Following the final, and most demeaning of his positions, where he performs his magic act to sell goods in a shop window - the town public seems far more willing to watch his performance in the context of consumer advertising than it was in attending his music-hall show - Tatischeff re-embarks on his travels, though without in this case both Alice and also his pet magic-show rabbit. In the meantime, Alice has completed her transformation from a pubescent washer-girl dressed in rags to a young woman in love for the first time, and sporting a pair of high, white heels that only recently she could barely manage as she treacherously attempted to cross Edinburgh's cobblestone. Tatischeff's departure thus coincides with Alice's attainment of sexual maturation, with the young woman preparing to leave her surrogate father for her new lover (which she does upon discovering Tatischeff's good-bye letter). The Illusionist, in other words, presents a parable of a young woman's rise to adulthood, and of her shifting dependence from father-figure to new lover. Whether the source of Tati's inspiration was his daughter Sophie Tatischeff, to whom Chomet dedicates the film, the director's illegitimate and abandoned daughter Helga Marie-Jeanne Schiel (a strong possibility given both the surrogate nature of the film's relationship and Helga's location in Northeast England) or most plausibly both, under Chomet's direction Tati's script proves unmistakably personal.
Of course, The Illusionist is also the work of Sylvain Chomet, and not only for the animated film's re-situation in Schiel's Britain and in 1959, with Tati's Mon Oncle (1958) playing in cinemas, and with effete rock-and-roll outfits pushing vaudeville acts like Tatischeff's out of auditoriums. Most notably, Chomet brings an extraordinary sensitivity to and emphasis on lighting effects to his drawn work of cinema: The Illusionist's neon marquees, its blinking hotel sign, the warm diffused glow manufactured by a light-colored lampshade, the harsh white of a hanging bulb reflected off bathroom tile and the blinding morning light refracted by millions of dust particles all offer memorable visual effects. So too does Chomet attend exceedingly to his film's places, especially to a luminous postwar Edinburgh, which like The Illusionist's attention to light sources suggest an animated cinema concerned foremost with reproducing reality - and in so doing, in doing what cinema achieves by virtue of its indexical contact with the outer world. Even so, it is not a world robustly replicated in excessive detail, but rather one registered in sketchy outlines, impressionistically under-drawn by Chomet and his co-animators.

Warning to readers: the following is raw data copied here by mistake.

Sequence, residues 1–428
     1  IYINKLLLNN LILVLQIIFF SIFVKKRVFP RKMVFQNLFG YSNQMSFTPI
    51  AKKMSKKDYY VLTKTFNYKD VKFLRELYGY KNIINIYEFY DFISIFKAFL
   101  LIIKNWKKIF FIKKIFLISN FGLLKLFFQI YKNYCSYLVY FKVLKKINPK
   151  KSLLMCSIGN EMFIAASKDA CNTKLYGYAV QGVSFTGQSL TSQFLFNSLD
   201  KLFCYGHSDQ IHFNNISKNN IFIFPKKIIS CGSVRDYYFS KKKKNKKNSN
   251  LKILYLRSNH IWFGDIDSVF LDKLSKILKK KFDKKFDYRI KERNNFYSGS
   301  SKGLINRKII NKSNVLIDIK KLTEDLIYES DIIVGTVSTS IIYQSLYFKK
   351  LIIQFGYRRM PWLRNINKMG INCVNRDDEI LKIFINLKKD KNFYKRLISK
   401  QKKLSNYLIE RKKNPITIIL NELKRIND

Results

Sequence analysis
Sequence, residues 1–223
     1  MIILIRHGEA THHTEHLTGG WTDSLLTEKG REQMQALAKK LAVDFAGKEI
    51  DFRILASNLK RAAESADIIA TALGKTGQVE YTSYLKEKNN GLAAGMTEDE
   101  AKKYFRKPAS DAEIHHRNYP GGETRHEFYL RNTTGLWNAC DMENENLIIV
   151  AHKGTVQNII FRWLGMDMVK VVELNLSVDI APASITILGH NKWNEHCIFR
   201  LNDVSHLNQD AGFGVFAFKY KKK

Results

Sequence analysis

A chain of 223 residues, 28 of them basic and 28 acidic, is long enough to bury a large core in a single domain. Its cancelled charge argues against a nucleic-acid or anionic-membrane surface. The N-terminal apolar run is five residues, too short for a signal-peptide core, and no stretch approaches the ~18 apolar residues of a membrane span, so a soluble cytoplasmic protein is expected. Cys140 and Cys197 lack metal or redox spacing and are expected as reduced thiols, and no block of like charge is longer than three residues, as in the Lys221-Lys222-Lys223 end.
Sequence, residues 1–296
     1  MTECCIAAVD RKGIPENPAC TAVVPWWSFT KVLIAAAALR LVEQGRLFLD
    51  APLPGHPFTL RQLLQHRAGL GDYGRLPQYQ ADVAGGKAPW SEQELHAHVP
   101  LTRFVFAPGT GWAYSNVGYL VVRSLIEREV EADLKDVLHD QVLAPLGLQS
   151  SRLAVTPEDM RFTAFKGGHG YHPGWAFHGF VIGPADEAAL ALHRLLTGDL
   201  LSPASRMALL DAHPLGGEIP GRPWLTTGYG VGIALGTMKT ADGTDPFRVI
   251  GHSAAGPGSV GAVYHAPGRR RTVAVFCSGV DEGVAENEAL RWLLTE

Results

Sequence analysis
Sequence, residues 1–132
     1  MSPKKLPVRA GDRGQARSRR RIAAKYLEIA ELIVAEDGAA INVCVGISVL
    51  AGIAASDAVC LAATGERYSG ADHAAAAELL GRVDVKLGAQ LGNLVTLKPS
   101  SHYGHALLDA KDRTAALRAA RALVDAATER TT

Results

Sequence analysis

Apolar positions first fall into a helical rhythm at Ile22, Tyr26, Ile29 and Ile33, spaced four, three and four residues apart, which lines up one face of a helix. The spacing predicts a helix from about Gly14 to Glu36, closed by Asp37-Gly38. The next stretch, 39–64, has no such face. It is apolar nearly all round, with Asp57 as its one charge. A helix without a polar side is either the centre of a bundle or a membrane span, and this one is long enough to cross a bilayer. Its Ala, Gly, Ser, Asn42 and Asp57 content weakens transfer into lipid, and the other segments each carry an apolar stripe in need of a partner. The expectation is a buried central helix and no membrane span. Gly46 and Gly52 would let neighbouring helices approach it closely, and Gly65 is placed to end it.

The Illusionist likewise affirms its insistence on the real in its comparative restriction to physical laws, thereby eschewing the animated medium's inherent phantasmagoria. Chomet's strategy in this respect similarly attends to Tatischeff's claim that "magicians don't exist"; that is, The Illusionist refuses to break with the natural in most respects, save for the spring-loaded contortions of the picture's acrobatic trio, who directly recall the animator's Triplets of Belleville (2003). (It should also be noted that the angular physicality displayed in Chomet's earlier work, along with the film's mumbling, multi-lingual soundtrack, both spring directly from Tati's cinematic universe.) Nonetheless, even Chomet's least natural motif dovetails from a real-world, Tati-inspired source with The Illusionist's bouncing triplets proving reminiscent further of the circus subjects of the master's creditable televisual swan-song, Parade (1974).